The Guardian view on France’s regional polls: democracy a big loser

The morning after the final round of France’s regional elections, the two most likely contenders for the Élysée in next year’s presidential elections were left licking their wounds. Marine Le Pen’s far-right Rassemblement National (RN) had the worst night, failing to win any of five regions it had targeted – some of them with high hopes of victory. President Emmanuel Macron’s party, La République En Marche, also failed to win anywhere and remains a phantasmagorical presence in the country at large. For a grassroots movement set up five years ago to renew politics, polling at around 7% is not a good look. The big winner of the night was the centre-right Republican, Xavier Bertrand, whose presidential ambitions have been considerably boosted by an impressive victory in the northern region of Hauts-de-France. A Macron-Le Pen run off next spring is not the foregone conclusion it once seemed.

Perhaps the most eye-catching statistic of all, egter, was the turnout figure. The overwhelming, runaway winner of these polls was the unofficial stay-at-home party. Less than 35% of those eligible to vote opted to do so – a record low and only a fraction above last week’s first-round vote (also a record). Among 18- to 24-year-olds, close to 90% may have ignored the elections, while a huge majority of under-35s also found something better to do.

It would be wrong to draw hasty conclusions from this dramatic level of abstention. Regional elections are unloved by French voters and the powers they confer poorly understood. The ongoing Covid crisis may have deterred some from visiting polling booths. A desire for political stability until the pandemic is over may also have led many to write these polls off as ill-timed.

Nevertheless, these are not figures that suggest a democracy in rude health. Turnout in parliamentary elections has also been in steep decline for 20 jare, prompting fears of an Americanisation of French politics, with too much focus on the quinquennial battle for the presidency. The most noteworthy grassroots political force of recent years was the gilets jaunes (yellow vests) movement, which angrily bypassed traditional party politics. Its sometimes violent protests – catalysed by a fuel tax rise – quickly morphed into a provincial insurgency that took the entire French political class by surprise. In response, Mr Macron launched a “great debate” comprising 10,000 local meetings and a series of citizens’ assemblies. The political energy put into that process was formidable, but little work was done to ensure concrete policy outcomes. Having entered the Élysée promising democratic renewal and decentralisation, the president has largely left France’s highly centralised top-down system of governance intact. He has repeatedly been accused of adopting an overly monarchical style.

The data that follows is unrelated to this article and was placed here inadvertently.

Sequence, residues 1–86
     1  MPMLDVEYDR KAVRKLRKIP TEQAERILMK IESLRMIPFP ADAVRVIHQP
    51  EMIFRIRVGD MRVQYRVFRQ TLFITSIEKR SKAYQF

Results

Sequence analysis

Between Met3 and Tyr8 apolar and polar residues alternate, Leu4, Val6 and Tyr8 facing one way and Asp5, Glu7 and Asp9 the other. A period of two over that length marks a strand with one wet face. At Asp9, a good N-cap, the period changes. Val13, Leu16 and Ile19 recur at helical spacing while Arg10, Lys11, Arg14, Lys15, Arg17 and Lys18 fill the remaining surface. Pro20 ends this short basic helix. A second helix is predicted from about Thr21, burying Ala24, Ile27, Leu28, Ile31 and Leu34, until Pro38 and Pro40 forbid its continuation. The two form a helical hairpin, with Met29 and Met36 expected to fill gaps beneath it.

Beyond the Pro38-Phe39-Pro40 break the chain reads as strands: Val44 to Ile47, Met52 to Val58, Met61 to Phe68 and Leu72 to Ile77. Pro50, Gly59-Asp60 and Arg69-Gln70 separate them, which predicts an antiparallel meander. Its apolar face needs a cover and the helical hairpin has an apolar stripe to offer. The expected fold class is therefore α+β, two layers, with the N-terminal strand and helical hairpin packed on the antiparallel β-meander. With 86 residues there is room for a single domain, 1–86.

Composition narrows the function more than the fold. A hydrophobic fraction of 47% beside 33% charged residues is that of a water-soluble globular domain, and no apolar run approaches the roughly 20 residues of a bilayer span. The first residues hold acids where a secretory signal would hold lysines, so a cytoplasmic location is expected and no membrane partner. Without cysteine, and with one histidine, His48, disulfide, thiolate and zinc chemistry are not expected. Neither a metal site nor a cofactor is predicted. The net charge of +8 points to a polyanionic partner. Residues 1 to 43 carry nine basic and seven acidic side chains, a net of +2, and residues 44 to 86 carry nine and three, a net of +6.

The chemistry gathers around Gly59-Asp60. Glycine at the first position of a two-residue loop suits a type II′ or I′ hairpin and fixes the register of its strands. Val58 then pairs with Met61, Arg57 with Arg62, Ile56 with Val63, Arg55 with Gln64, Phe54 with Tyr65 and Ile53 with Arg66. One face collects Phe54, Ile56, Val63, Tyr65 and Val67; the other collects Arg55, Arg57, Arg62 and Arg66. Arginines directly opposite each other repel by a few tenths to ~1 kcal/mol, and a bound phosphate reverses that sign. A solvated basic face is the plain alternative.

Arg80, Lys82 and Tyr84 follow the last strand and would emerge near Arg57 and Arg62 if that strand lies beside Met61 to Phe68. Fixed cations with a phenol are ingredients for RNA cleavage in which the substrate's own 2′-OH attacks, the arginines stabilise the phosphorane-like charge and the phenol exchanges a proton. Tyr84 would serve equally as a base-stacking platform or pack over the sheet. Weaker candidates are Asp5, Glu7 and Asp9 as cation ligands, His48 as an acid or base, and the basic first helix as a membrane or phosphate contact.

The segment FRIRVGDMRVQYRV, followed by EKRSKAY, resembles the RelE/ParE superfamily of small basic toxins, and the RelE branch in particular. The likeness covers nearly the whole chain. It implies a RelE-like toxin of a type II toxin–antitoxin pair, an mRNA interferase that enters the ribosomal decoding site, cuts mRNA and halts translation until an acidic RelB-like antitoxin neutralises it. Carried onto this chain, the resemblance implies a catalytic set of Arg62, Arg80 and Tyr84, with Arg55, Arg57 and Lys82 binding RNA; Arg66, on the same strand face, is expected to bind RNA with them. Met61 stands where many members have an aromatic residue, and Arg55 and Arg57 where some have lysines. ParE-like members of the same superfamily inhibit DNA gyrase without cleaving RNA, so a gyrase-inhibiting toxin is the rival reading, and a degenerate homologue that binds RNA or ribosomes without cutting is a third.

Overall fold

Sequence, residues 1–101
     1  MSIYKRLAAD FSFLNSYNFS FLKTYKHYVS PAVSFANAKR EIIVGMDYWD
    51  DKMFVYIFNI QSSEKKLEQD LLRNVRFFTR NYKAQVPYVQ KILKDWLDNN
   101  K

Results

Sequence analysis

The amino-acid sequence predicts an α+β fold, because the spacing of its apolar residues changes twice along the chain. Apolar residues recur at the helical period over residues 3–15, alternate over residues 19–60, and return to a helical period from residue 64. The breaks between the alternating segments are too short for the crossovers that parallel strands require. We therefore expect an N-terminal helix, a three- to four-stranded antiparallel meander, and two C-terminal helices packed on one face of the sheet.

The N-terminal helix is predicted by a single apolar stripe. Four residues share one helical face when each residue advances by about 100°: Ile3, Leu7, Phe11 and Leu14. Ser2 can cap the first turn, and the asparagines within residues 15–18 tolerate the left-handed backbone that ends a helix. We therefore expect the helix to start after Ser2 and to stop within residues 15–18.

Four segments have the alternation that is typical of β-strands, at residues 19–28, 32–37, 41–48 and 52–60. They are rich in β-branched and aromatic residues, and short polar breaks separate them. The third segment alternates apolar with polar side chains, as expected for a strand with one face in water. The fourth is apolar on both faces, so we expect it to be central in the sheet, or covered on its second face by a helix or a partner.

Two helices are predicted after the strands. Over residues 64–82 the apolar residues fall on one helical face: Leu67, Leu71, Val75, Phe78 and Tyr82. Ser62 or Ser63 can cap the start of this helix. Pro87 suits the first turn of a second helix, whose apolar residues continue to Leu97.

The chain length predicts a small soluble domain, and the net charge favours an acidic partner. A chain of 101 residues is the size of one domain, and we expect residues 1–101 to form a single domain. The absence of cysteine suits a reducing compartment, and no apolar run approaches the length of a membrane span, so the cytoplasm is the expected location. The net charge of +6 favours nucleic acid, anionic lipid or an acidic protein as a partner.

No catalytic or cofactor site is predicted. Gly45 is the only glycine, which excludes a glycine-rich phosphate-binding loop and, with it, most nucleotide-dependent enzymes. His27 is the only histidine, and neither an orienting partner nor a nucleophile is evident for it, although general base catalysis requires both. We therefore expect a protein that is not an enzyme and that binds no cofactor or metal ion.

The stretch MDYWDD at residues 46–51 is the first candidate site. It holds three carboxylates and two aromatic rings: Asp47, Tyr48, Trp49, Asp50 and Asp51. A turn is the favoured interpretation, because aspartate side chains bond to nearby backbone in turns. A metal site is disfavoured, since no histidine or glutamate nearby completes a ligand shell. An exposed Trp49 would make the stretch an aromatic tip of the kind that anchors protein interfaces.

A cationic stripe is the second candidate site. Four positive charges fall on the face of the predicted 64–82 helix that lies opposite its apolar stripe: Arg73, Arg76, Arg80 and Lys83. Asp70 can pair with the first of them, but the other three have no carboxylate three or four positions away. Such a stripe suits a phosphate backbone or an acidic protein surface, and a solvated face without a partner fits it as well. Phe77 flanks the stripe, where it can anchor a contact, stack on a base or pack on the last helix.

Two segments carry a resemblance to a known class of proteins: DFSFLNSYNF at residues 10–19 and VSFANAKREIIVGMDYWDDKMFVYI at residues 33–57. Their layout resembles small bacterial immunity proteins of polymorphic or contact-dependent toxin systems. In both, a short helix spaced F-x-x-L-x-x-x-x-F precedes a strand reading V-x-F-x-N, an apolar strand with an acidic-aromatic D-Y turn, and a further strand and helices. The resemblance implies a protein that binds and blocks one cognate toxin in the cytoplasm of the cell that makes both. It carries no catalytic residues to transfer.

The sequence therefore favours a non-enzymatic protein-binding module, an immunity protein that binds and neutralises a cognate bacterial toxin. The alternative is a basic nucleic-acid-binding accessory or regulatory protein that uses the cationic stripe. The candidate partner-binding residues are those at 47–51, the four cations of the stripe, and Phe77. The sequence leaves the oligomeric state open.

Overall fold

The silver lining of an alarmingly hollow democratic exercise was the mass desertion of Ms Le Pen’s party by her traditional supporters. Meer as 70% of RN voters in the presidential election of 2017 stayed away, some of them no doubt disillusioned by the party’s attempt to court moderate centre-right voters. Fewer voters for Ms Le Pen is always good news. But a healthy polity requires more than one high-profile head-to-head contest every five years. French democracy was a major loser on Sunday.

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